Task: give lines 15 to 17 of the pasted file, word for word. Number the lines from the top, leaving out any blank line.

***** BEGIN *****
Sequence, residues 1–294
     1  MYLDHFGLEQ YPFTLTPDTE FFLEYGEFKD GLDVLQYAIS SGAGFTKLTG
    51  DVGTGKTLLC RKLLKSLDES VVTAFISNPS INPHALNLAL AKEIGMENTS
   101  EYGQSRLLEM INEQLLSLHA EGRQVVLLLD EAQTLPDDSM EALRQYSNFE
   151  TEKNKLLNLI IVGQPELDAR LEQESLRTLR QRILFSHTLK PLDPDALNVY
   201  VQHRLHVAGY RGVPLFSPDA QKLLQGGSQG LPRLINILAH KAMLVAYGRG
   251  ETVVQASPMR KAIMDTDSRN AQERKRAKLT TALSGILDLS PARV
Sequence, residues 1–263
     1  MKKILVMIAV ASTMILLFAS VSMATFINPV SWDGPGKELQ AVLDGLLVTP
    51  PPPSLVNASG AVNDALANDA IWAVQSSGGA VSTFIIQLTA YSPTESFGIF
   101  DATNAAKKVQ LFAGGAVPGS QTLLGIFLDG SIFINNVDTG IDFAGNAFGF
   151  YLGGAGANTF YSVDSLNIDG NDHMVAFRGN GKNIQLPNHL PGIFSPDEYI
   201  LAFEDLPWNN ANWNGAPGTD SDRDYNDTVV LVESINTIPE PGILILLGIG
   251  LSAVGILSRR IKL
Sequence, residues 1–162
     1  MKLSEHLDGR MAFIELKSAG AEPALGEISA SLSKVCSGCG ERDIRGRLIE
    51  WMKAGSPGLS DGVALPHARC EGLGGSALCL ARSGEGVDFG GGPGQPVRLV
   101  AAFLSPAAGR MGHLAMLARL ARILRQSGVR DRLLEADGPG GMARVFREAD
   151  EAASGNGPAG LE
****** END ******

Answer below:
Sequence, residues 1–162
     1  MKLSEHLDGR MAFIELKSAG AEPALGEISA SLSKVCSGCG ERDIRGRLIE
    51  WMKAGSPGLS DGVALPHARC EGLGGSALCL ARSGEGVDFG GGPGQPVRLV